When it comes to their health, a good defense is a strong offense for kids


As part of an innovative, preemptive
program funded through philanthropy
for Arizona's kids, fluoride varnish
is applied once every six months,
when primary teeth start coming in,
to combat tooth decay and build
good overall health.

Tooth decay is the most common chronic disease among children, affecting some 60% of Arizona children—compared to the national average of 36%—and costing the state millions of dollars in restorative dental services and treatment.

Dental disease is associated with poor overall health as well as poor school performance, absenteeism, troubled social relationships, and low self-esteem in children.

Access to preventive oral health care improves health outcomes for children

With philanthropic funding, a pilot program is underway at the Family Medicine Center at Banner – University Medical Center Phoenix to apply topical fluoride varnish to children age 5 and younger. Fluoride varnish is safe and effective, reducing tooth decay rates and creating significant cost savings in dental and hospital care. The program is expected to be self-sustaining in one year via insurance reimbursement.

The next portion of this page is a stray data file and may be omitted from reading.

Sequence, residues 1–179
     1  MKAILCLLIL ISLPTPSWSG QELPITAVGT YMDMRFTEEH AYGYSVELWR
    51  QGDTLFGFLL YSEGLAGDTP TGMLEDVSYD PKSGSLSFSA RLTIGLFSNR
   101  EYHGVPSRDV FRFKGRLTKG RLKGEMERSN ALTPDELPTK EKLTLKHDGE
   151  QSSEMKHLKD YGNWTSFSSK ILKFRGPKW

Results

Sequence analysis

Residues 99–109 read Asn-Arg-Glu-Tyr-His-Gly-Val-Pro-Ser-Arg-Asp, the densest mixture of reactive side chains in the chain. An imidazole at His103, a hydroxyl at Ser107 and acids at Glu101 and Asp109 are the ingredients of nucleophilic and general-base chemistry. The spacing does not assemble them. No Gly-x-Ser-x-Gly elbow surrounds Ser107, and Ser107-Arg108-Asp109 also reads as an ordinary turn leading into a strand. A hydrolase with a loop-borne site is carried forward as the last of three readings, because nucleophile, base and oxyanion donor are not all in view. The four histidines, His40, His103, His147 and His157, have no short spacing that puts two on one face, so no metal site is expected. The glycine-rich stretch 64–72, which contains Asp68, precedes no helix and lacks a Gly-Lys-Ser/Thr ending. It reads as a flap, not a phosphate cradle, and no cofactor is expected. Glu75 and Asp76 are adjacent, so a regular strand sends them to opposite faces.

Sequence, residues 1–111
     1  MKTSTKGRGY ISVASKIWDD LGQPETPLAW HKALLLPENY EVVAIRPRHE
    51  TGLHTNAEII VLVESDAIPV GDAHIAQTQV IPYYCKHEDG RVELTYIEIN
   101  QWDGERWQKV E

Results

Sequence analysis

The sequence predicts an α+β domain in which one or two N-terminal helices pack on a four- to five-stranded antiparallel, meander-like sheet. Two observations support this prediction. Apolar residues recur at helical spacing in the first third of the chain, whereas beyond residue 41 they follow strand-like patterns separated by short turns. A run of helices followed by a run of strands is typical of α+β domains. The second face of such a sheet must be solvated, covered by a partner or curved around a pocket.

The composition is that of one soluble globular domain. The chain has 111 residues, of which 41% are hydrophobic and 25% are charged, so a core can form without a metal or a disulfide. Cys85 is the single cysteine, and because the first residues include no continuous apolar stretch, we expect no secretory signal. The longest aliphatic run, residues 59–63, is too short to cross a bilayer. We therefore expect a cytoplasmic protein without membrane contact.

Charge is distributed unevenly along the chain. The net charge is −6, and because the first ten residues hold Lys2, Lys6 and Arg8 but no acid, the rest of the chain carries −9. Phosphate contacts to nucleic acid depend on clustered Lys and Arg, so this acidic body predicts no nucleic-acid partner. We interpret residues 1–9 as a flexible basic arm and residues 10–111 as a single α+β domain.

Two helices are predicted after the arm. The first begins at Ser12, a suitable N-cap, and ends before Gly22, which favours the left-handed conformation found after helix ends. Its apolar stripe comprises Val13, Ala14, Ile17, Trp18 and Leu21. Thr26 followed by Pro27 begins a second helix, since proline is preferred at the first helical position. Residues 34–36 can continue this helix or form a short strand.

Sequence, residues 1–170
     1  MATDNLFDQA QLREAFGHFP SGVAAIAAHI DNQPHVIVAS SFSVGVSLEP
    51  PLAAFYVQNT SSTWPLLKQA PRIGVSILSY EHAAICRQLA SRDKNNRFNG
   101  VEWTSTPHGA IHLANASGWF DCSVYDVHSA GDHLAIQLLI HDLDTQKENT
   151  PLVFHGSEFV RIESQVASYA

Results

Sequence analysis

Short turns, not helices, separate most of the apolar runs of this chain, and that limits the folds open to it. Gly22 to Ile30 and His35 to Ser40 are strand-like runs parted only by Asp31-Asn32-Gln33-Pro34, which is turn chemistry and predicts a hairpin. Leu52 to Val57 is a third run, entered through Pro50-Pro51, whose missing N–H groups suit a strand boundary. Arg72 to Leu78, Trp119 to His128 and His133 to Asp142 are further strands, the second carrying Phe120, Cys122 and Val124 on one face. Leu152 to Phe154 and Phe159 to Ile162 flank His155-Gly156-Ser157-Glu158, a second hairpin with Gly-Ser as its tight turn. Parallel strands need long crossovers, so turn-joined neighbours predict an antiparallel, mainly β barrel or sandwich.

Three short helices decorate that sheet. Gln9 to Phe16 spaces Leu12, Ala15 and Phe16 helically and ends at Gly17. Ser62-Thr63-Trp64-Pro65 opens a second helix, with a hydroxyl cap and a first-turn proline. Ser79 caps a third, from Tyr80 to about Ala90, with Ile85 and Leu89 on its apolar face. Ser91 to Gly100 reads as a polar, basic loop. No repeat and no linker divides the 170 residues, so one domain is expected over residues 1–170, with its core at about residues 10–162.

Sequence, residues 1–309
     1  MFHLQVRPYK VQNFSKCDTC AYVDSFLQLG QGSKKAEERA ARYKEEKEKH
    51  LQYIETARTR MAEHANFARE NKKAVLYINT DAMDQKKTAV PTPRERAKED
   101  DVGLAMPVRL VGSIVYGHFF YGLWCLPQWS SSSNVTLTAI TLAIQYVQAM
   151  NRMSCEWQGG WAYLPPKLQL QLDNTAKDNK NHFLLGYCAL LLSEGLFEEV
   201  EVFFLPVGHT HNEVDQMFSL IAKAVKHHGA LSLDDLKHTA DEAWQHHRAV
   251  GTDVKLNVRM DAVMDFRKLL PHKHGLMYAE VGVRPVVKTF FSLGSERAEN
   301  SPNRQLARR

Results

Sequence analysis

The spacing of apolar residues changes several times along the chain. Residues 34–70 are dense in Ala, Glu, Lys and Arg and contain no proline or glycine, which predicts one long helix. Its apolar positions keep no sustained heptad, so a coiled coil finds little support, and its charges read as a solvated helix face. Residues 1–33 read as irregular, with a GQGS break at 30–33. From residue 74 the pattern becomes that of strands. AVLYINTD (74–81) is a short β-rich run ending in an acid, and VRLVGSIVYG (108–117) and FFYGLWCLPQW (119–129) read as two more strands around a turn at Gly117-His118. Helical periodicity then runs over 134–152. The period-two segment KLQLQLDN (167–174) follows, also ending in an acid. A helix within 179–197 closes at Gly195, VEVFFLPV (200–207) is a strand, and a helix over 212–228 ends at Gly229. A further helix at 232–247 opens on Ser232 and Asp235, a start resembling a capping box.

“I’m very excited for the launch of this program,” says Dr. Sarah Coles, a physician lead with the fluoride varnish program, who practices at the Family Medicine Center at Banner – University Medical Center. “It will allow us, as primary care providers, to improve access to preventive oral health care, reduce health disparities, and improve health outcomes for children in our practice and community.”

Children who attend lower income schools have higher prevalence of decay and lower rates of treatment, while dental disease accounts for 52 million lost school hours annually.

The Family Medicine Center serves patients who are at higher risk of poor oral health and lower access to dental health services. Through this innovative, preemptive program, funded through philanthropy, fluoride varnish will be applied at least once every six months, when primary teeth start coming in, and up through age 5, to pediatric patients seen at the Family Medicine Center, as a part of their well child visit.